Sometimes I wish could take a picture by just blinking my eyes, since doing so with a camera is just not possible or would generate the wrong type of attention. Today I experienced such a moment, while being driven through the busy Accra traffic. The eye-blink-camera is not yet working, and so I will have to make do with words.
I was sitting in the passenger seat of a nice 4×4 vehicle, being taken back to my hotel room after some meetings. At the numerous stops and traffic lights, there was the usual economic activity: Street sellers trying to convince one that they have the keyrings, dust cloths, maps of Ghana, plastic toys, and everything else you could possibly want.
Once, I even saw a chap selling a book, titled “How to become President of Ghana”.
But I digress. Today I also saw a few beggars, some missing limbs, hobbling between the cars on makeshift crutches. Also a common sight here, even in the traffic. Years ago, I even saw a chap using two crutches, but hobbling on two legs, wearing flipflops, directing traffic at a famous intersection usually serviced by military police. On that day the smartly-dressed and white-gloved MP’s were not there, however, and this chap on crutches was directing traffic with one of these crutches, having stuck a piece of white paper to its end, to increase visibility. I have never again seen that same level of public service under difficult conditions.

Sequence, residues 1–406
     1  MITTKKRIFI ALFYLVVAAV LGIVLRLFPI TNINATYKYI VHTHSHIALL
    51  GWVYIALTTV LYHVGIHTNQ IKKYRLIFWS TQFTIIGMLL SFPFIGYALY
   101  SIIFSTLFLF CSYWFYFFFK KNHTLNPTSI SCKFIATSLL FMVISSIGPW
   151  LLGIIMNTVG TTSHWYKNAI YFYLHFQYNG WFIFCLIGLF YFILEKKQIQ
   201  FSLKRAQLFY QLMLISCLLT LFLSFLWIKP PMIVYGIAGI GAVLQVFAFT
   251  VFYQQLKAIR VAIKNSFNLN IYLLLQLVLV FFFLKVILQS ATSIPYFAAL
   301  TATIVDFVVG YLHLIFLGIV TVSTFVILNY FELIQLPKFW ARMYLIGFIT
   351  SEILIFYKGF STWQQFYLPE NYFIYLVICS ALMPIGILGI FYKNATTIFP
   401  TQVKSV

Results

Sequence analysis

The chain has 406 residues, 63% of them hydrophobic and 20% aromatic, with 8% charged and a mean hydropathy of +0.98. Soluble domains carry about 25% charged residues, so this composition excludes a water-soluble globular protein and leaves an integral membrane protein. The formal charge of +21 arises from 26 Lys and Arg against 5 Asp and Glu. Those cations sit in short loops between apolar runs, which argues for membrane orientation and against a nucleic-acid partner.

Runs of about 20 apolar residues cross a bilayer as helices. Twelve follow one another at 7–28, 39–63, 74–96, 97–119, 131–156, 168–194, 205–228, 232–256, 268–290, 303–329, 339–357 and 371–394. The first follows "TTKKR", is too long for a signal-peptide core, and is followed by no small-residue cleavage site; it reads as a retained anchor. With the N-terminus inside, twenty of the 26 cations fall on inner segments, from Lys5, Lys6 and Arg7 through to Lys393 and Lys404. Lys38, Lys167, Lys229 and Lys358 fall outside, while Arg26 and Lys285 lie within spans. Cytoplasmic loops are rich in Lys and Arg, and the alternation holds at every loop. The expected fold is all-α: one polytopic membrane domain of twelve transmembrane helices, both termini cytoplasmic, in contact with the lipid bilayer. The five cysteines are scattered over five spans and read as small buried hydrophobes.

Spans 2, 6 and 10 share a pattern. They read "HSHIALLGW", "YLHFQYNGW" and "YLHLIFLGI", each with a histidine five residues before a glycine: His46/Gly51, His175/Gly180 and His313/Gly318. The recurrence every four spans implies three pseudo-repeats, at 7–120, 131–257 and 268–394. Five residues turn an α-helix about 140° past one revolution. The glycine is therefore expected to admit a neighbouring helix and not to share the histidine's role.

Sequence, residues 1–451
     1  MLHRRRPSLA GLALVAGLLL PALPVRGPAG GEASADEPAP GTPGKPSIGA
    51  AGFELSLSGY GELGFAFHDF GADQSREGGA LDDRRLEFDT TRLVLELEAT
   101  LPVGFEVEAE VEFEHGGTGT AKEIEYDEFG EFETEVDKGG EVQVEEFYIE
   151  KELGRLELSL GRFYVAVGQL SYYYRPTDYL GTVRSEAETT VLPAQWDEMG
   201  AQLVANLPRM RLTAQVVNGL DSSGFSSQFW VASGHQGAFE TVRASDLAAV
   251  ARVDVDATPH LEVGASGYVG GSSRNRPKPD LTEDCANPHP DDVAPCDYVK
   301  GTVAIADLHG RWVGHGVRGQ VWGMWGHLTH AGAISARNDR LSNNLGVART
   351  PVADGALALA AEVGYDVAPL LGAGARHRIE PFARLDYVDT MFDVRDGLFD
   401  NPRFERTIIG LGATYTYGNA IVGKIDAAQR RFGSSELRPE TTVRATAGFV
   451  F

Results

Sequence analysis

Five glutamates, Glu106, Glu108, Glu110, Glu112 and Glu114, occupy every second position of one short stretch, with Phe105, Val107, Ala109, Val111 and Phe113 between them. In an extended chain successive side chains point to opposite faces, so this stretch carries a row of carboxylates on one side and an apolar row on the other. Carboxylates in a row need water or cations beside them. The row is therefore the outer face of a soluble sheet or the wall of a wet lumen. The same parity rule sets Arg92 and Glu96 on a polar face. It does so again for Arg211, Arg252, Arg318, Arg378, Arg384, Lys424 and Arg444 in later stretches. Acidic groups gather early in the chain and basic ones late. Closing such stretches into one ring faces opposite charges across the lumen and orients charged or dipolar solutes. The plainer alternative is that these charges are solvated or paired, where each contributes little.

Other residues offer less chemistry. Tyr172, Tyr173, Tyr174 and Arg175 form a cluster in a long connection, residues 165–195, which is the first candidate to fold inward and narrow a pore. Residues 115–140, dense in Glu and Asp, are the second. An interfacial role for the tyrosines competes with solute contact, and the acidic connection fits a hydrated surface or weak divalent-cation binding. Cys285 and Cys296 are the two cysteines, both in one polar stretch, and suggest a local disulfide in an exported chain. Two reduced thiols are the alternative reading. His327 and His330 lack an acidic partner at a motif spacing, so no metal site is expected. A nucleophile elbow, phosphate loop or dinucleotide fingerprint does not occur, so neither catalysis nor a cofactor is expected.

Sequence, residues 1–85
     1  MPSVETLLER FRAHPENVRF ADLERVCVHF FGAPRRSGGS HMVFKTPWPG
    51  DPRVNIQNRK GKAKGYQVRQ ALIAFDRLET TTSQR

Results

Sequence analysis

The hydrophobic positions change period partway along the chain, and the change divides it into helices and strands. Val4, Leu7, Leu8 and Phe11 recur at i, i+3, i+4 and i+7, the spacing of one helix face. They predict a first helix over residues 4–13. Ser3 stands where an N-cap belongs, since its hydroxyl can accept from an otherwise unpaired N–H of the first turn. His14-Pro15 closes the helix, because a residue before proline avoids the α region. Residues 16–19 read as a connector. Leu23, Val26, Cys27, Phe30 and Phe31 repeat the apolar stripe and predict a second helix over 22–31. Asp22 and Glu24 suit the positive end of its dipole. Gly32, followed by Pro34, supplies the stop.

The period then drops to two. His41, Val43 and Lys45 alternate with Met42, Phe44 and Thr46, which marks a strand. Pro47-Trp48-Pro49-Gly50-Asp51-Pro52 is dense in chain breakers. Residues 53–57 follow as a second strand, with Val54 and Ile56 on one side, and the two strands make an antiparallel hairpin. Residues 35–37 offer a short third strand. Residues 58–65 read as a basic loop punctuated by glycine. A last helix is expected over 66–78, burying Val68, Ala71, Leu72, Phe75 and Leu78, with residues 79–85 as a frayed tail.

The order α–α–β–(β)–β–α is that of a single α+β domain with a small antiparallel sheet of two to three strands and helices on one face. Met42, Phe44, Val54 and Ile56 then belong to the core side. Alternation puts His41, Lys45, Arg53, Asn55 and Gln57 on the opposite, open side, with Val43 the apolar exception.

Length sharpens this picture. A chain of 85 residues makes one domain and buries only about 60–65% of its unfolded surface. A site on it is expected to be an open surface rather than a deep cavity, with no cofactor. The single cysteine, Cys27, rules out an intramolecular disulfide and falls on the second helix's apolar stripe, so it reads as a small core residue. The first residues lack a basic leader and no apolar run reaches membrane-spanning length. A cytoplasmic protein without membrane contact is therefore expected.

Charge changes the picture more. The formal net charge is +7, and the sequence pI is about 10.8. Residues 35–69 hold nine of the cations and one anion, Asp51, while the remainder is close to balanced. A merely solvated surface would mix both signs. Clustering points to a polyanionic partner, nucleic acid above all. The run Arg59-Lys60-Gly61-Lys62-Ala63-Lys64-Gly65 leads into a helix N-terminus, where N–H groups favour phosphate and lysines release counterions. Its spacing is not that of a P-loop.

But now I have digressed yet again.
The beggar who I would like to describe today, was seated in a wheelchair, with his withered legs tucked under him. Sadly, begging in the traffic on a wheelchair is not what made him so notable. This particular chap, however, was decked out in the red-white-blue colours of the New Patriotic Party (NPP) and even had an NPP flag strapped to the wheelchair, flapping in the exhaust smoke-laden wind. Then I noticed that the NPP flag did not only have their name and symbol, an elephant, on it, but also a slogan: “Development in Freedom”… Perhaps the image of a partial cripple, begging in a wheelchair within the Accra traffic, is not quite what a political party would have liked to portray. No-one else saw the incongruity.